Shooting GalleryThe Game: The first Channel F “Videocart” packs three games into one bright yellow package. Shooting Gallery is a straightforward target practice game in which players try to draw a bead on a moving target. Tic-Tac-Toe is the timeless game of strategy in small, enclosed spaces, and Quadradoodle is a simple paint program, long, long before its time. (Fairchild, 1976)

Memories: This is a game that changed everything. For the first time, owners of a home video game console could go into a store, buy something that was less pricey than the console itself, plug it into that console, and play new and different games. Rudimentary games by today’s standards, sure, but in every sense imaginable, Videocart #1 was a game changer. Continue reading

Odyssey 4000

Odyssey 4000The final member of the Odyssey stand-alone console family tree, the Odyssey 4000 boasts more games than any of its predecessors since Ralph Baer’s original Odyssey, and was only the second of the dedicated Odyssey consoles to feature color (after the experimental Odyssey 500). And for those who have ever held the joystick of a Magnavox Odyssey2 in their hands, the Odyssey 4000 offers another familiar element – its joysticks are exactly the same mold as those of the Odyssey2, only rotated 90 degrees, and sporting some major differences in internal mechanisms. Though multidirectional, the joysticks are designed to favor vertical movement and offer some resistance to horizontal movement. Continue reading

Combat

CombatThe Game: Two players each control a fearsome armored fighting vehicle on a field of battle littered with obstacles (or not, depending upon the agreed-upon game variation). The two tanks pursue each other around the screen, trying to Buy this gameline up the perfect shot without also presenting a perfect target if they miss. In accordance with the laws of ballistics and mass in the universe of Saturday morning cartoons, a tank hit by enemy fire is bounced across the screen – sometimes right off the egde of the screen and into a corresponding position on the opposite side of the field – spinning at a very silly velocity, and battle begins anew. Other variations include biplane and jet fighter dogfights. (Atari, 1977)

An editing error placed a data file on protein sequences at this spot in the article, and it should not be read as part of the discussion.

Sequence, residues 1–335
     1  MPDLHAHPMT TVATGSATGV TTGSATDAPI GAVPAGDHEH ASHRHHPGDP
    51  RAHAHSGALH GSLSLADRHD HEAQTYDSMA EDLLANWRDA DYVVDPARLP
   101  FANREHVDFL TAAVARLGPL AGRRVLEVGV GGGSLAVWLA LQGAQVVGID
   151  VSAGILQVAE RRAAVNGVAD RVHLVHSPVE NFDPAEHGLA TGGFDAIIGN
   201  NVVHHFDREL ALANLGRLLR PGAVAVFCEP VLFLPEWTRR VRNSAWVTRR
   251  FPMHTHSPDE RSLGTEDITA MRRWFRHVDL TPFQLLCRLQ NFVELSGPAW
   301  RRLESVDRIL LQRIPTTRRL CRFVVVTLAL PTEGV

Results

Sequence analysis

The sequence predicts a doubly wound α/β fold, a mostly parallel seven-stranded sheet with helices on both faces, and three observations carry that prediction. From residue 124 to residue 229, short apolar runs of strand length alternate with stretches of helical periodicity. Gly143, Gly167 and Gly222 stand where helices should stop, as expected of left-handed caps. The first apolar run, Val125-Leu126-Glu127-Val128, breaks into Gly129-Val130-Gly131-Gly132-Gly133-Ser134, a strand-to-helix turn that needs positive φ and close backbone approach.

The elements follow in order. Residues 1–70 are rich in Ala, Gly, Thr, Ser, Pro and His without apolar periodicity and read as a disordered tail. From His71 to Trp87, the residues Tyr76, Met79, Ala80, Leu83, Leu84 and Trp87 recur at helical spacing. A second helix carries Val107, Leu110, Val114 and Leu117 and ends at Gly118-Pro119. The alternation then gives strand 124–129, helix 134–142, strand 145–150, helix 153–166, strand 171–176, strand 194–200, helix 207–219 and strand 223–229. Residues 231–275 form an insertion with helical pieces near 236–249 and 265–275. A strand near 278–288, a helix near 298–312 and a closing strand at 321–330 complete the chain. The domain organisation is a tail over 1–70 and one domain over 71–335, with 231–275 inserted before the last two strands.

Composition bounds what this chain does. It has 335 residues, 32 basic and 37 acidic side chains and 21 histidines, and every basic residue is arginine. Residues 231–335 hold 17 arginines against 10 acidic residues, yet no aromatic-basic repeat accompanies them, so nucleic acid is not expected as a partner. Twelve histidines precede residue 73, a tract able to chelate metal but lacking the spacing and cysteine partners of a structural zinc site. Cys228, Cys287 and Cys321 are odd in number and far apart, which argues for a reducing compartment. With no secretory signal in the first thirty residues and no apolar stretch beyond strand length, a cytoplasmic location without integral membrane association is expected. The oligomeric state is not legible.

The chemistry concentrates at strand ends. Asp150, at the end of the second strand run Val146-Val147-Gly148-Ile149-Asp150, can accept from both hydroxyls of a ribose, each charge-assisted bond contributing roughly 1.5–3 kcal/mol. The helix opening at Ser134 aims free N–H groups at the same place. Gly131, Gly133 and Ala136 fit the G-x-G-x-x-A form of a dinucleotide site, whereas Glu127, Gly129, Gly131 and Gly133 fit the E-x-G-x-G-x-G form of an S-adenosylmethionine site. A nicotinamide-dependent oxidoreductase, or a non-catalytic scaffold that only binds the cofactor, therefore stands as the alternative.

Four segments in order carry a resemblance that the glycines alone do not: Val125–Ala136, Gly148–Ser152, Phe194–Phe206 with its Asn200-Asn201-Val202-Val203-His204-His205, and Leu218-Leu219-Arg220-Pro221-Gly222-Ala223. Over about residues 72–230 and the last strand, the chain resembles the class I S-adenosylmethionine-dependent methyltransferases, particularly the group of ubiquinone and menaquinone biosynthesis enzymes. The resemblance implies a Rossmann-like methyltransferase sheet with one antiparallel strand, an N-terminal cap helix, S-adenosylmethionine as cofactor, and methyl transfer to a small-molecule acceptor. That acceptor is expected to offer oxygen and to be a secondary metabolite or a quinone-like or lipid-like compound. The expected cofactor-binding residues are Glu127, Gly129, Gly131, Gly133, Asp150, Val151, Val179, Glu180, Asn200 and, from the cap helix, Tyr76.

Memories: Chances are, anyone who’s my age who is asked to remember their first video game console will tell you it was the Atari VCS – and their first game? Naturally, the one that came with the VCS: Combat, based on the 1974 arcade hit Tank! by Kee Games.

Kee Games? Continue reading

Surround

SurroundBuy this gameThe Game: You and your opponent face off in an enclosed arena, controlling “leader blocks” which leave solid walls in their wake. You must not collide with your opponent’s block, its solid trail, or the walls of the arena. To win, you must trap the other player, or the computer-controlled block within your solid wake (or their own). (Atari, 1977)

Memories: Any Tron fan worth his weight in bits will know what part of that 1982 game (and movie) was inspired by Atari‘s Surround and other games of its ilk which had been in the arcade for some time. But if anything, the Light Cycle scenes and game stages that came down the pike later simplified the game to its core, for Surround actually has more twists – literally. Continue reading

Avalanche

AvalancheThe Game: Watch for falling rocks – because it’s your job to catch them. You control a series of containers arranged in a vertical row, and your task is to catch all of the rocks, without fail, not letting a single one of them hit the ground. The more rocks you catch, the more containers you’ll fill, and you’ll be left with fewer, and See the videosmaller, containers. If you let a rock through your defenses too many times, the game’s over. And you’ll probably be hit in the head with a lot of rocks. Neither outcome is really a good thing. (Atari, 1978)